Carl Jung on “Symbols” Part I – YouTube

 

Carl Jung on “Symbols” and the “Symbolic.”- Anthology.

 

Because I also want my being other, I must become a Christ. I am made into Christ, I must suffer it. Thus the redeeming blood flows. Through the self-sacrifice my pleasure is changed and goes above into its higher principle. Love is sighted, but pleasure is blind. Both principles are one in the symbol of the flame. The principles strip themselves of human form. ~Carl Jung, The Red Book, Page 254.

 

The symbol becomes my lord and unfailing commander. It will fortify its reign and change itself into a starry and riddling image, whose meaning turns completely inward, and whose pleasure radiates outward like blazing fire, a Buddha in the flames. ~Carl Jung, The Red Book, Page 249.

 

To live oneself means: to be one’s own task. Never say that it is a pleasure to live oneself It will be no joy but a long suffering, since you must become your own creator. ~Carl Jung, The Red Book, Page 249.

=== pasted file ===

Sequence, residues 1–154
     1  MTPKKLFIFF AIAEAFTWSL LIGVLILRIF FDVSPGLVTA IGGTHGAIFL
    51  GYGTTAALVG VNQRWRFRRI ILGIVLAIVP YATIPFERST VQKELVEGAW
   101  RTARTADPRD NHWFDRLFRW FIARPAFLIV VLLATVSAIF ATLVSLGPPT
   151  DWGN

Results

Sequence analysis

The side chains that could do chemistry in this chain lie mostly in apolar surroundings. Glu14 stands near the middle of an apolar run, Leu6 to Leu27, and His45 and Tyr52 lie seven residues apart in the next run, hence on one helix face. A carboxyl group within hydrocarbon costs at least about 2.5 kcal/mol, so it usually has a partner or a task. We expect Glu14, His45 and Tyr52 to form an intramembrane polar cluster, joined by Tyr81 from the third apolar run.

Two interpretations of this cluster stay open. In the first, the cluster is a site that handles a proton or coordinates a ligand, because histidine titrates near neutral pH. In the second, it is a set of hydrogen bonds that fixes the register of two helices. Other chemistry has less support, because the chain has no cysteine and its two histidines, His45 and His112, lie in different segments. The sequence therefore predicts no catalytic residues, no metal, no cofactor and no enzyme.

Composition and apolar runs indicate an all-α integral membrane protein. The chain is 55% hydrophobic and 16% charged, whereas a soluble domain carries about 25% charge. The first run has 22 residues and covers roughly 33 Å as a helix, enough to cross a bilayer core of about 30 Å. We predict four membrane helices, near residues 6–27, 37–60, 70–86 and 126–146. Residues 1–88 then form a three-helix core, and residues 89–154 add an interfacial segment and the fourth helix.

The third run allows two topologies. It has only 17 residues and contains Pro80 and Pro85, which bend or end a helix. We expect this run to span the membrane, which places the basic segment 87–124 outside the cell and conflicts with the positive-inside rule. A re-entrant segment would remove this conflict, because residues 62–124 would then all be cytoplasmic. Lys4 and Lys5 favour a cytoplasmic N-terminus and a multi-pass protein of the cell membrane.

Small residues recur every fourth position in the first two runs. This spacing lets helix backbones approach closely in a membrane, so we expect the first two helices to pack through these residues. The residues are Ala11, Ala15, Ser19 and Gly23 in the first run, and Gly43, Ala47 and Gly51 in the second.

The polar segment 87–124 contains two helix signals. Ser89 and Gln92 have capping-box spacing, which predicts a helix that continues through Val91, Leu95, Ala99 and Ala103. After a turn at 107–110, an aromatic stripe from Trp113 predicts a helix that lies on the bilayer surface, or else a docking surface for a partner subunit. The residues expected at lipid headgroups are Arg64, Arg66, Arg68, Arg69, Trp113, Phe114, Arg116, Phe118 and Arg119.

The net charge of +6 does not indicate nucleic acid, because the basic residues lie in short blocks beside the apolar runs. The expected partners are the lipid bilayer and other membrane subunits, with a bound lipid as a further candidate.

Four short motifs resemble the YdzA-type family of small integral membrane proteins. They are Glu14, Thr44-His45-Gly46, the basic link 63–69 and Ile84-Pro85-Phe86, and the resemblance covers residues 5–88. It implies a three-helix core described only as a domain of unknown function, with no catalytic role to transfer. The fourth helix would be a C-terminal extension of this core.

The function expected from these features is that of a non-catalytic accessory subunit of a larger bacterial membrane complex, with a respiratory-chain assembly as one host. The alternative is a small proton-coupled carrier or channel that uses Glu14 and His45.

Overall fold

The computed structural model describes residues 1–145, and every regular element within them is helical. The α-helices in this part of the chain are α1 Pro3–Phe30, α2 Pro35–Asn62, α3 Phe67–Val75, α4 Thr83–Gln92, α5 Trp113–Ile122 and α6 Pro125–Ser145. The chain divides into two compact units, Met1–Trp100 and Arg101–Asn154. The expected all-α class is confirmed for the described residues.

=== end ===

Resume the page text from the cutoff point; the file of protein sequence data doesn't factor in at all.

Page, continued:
If forethinking and pleasure unite in me, a third arises from them, the divine son, who is the supreme meaning, the symbol, the passing over into a new creation. I do not myself become the supreme meaning or the symbol, but the symbol becomes in me such that it has its substance, and I mine. ~Carl Jung, The Red Book, Page 249.

 

There are, and always have been, those who cannot help but see that the world and its experiences are in the nature of a symbol, and that it really reflects something that lies hidden in the subject himself, in his own transubjective reality. ~Carl Jung, Psychology and Religion, Page 521, Para 859.

 

Matter is an hypothesis. When you say “matter,” you are really creating a symbol for something unknown, which may just as well be “spirit” or anything else; it may even be God. Religious faith, on the other hand, refuses to give up its pre-Weltanschauung, in contradiction to the saying of Christ, the faithful try to remain children instead of becoming as children. ~Carl Jung, Psychology and Religion, Page 477, Para 762.

 

I had to recognize that I am only the expression and symbol of the soul. ~Carl Jung, The Red Book, Page 234.